Vietnam Tet Holiday (Part 2): The Preparations

10 Jan, 2023 | Secrets Untold

As Tet coming close, Vietnamese people working in big cities have been starting to book tickets to return to their homeland to prepare for Tet.

As the Vietnamese Lunar New Year, or Tet, comes closer and closer, Vietnamese people working in big cities have started to book tickets to return to their home town. Stores are packed with candied fruits and gift baskets, and on the streets, motorbikes and small lorries’ cargo is filled to the brim with traditional flowers for Tet.

In our previous post, we introduced a list of the 7 most popular foods during Tet, from the iconic Vietnamese sticky square rice cake (banh chung) to a colorful five-fruit tray which is a must-have for every Vietnamese family. In this post, we will get closer to seeing how people in Vietnam prepare for their grandest festival of the year. Make a plan for your Vietnam trip at this special time of the year to understand more about it.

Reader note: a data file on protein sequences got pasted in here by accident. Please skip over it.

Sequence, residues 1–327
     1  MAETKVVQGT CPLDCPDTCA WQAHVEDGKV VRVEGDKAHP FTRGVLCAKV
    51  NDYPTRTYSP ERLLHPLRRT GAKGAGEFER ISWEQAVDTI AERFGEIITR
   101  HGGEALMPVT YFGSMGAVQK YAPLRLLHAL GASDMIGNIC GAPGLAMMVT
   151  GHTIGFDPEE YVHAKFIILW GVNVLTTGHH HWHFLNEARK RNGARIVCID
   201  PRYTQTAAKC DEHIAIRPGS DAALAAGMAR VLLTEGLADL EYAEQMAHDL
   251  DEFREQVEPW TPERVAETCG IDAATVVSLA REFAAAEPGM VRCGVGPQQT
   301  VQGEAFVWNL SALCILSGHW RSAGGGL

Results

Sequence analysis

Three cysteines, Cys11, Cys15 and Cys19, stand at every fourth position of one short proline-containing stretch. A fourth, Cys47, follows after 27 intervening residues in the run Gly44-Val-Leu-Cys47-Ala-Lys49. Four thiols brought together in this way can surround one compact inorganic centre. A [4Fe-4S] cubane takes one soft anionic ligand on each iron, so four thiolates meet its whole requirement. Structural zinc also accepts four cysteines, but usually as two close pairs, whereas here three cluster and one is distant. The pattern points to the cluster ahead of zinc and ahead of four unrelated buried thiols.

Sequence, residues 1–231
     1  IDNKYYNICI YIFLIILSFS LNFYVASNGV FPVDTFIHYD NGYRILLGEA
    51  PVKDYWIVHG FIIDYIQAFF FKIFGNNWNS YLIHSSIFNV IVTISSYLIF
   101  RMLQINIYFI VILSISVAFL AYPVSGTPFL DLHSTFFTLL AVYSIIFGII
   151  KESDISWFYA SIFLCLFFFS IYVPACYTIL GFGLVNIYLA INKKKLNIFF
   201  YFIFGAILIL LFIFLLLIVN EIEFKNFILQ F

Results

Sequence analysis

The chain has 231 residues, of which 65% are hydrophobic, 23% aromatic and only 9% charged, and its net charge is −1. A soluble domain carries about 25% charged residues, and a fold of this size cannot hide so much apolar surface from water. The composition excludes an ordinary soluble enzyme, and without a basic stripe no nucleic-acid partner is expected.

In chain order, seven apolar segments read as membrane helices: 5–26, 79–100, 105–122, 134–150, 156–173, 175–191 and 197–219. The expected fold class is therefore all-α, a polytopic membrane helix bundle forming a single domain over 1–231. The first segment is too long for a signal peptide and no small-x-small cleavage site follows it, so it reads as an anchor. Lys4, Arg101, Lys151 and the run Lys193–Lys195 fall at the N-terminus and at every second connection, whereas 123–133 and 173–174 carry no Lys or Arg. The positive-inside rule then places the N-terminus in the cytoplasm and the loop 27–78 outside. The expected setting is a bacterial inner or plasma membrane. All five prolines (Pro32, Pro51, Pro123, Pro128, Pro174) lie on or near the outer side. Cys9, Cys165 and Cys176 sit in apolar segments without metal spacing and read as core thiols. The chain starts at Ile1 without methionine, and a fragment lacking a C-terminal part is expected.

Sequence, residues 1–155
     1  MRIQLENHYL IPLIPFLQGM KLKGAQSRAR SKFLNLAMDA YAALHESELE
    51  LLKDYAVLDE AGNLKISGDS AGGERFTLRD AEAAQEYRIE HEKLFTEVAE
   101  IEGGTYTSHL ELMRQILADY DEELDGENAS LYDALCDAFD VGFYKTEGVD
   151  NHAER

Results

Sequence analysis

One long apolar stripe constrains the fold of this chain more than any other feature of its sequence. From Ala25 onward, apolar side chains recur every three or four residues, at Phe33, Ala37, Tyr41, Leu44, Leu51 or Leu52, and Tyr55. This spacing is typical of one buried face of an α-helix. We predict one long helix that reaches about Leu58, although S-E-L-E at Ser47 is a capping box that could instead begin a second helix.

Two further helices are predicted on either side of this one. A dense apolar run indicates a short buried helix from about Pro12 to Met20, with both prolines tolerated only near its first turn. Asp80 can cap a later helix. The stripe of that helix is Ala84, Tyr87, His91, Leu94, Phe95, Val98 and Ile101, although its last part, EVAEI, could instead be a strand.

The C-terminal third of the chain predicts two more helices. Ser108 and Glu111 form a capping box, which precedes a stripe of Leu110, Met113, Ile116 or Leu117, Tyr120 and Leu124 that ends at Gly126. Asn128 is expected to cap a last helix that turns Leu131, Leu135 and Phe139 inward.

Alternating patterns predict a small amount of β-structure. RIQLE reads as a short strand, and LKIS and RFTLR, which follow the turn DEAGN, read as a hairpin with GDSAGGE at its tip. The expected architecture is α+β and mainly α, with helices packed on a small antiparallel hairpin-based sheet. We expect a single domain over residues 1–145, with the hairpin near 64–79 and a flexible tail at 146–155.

Read our other posts about Tet Holiday in Vietnam:

1. The Grand Gathering

After the “Renovation” (“Doi Moi”) in 1986, Vietnam underwent numerous significant changes. And one of these changes was people from the countryside flocking to Hanoi, Danang, or Ho Chi Minh City to make a living in a big city. However, they do not forget their roots, their family, and their home town where they were born and raised amidst the tranquil village’s lake, bamboo trees, and rice paddies, along the bumpy and muddy village’s path. And after a year of hard work, Tet is the time to return to the place that nourished them.